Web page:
These traditional German cookies are generally eaten around Christmas time. They certainly were the major feature of our bunte teller each year, made for us by Poppy.
The literal translation is “pepper nut” which is the whole reason why these cookies are so special. They are peppery and spicy and not super sweet. Usually just big enough to pop one on your mouth and enjoy with a dark cup of coffee. Germans love spicy cookies, like pfeffernüsse, lebkuchen, zimtsterne and springerle. These ones look similar to Russian tea cakes, but the taste is quite something else.
Makes about 40
- 3 c flour
- 3/4 tsp baking powder
- 3/4 tsp baking soda
- 3 Tbsp vegetable shortening
- 1 c honey
- 1 large egg
- 1 tsp cinnamon
- 1/2 tsp ground black or white pepper
- 1/2 tsp ground ginger
- 1/4 tsp ground cloves
- 1/4 tsp salt
- optional extra spices:
- (1/4 tsp each of ground cardamom, mace, star anise and allspice)
- confectioner’s sugar for rolling
Preheat oven to 180ºC (350°F). Line 2 large baking sheets.
Mix the dry ingredients together in a bowl.
In another bowl, beat the shortening and honey together until light and fluffy, about 2-3 minutes. Add egg, then lower mixer speed and gradually mix in the dry, beating just until blended. Let the dough chill for about 10 minutes to firm up.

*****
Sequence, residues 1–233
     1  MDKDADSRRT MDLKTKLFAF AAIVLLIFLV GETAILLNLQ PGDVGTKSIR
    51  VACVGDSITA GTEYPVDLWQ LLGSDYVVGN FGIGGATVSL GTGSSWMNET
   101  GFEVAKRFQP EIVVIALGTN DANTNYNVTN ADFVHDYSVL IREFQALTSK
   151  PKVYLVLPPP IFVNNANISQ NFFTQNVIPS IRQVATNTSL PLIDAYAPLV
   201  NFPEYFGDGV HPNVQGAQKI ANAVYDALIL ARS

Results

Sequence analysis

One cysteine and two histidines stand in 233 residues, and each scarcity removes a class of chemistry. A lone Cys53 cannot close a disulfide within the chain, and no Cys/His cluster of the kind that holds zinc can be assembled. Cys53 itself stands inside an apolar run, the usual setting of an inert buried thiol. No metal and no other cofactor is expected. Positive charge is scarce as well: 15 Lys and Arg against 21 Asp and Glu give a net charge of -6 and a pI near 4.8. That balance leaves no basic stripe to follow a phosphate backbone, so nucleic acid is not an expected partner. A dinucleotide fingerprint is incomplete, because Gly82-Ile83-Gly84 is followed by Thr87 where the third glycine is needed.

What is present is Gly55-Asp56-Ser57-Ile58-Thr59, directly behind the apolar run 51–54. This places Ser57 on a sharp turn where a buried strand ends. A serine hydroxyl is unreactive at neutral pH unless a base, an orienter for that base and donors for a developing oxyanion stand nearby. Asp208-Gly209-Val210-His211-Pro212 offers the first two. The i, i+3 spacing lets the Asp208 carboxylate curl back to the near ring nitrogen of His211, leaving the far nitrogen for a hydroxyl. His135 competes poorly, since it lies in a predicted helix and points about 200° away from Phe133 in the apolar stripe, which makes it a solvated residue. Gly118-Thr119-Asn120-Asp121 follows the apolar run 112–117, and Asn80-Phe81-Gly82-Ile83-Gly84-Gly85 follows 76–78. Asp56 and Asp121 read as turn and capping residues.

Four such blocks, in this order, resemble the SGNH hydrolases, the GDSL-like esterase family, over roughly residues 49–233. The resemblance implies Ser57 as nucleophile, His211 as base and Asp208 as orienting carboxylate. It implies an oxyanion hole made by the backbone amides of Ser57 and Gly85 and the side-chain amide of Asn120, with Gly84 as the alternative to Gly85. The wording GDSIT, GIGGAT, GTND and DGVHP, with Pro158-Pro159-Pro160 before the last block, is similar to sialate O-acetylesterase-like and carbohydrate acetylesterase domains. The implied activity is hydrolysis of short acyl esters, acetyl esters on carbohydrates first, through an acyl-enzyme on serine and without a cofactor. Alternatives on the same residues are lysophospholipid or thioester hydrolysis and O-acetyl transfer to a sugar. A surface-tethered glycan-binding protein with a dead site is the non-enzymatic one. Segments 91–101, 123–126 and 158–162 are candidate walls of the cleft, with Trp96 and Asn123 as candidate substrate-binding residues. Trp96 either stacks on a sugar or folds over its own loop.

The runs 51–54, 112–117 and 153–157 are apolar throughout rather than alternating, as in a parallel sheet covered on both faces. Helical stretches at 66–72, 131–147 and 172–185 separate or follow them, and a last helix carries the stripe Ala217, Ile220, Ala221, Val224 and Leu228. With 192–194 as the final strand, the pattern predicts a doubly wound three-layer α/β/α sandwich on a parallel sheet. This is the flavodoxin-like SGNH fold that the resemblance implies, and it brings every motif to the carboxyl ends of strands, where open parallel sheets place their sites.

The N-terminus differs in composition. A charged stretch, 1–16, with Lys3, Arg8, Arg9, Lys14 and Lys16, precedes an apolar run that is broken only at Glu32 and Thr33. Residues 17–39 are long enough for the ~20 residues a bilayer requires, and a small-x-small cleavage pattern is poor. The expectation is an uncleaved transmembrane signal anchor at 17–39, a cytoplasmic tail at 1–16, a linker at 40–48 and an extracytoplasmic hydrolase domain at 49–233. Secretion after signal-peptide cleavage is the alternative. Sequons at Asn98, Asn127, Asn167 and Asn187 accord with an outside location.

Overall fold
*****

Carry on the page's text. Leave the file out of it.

Dust hands with confectioner’s sugar to prevent sticking while forming cookies. Scoop tablespoon-sized balls and roll into balls. Place balls an inch apart on prepared baking sheets and bake about 15 minutes, or until golden and slightly cracked. When cookies are still lightly warm, roll in confectioner’s sugar to completely coat the cookies. Store in an airtight container. Sometimes cookies with spices taste best around 3 days after baking, when the flavors have settled.
Recipe from: The German Cookbook: A complete guide to mastering authentic German cooking by Mimi Sheraton